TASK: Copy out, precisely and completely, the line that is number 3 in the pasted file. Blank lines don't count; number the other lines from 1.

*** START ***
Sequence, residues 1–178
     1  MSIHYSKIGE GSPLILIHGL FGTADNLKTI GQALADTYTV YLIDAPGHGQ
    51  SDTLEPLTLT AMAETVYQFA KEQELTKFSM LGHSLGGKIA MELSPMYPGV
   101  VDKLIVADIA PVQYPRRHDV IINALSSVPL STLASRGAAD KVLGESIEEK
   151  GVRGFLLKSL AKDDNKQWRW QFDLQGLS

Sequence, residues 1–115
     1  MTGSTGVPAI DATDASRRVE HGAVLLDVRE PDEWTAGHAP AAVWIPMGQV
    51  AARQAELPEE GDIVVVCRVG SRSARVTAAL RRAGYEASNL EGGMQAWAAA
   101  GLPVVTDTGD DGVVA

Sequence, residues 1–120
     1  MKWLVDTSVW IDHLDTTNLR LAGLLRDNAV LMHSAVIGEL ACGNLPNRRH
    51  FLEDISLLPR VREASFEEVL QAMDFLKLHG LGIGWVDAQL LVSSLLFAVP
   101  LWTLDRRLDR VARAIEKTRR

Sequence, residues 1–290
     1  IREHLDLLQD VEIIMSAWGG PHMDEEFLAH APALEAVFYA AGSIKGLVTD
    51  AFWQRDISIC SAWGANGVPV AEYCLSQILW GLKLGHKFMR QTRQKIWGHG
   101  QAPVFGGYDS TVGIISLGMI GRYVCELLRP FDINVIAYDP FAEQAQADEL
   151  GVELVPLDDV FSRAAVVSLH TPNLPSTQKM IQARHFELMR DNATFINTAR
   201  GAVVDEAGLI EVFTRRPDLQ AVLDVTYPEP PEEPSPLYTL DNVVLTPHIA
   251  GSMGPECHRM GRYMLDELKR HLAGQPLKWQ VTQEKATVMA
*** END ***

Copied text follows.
    51  SDTLEPLTLT AMAETVYQFA KEQELTKFSM LGHSLGGKIA MELSPMYPGV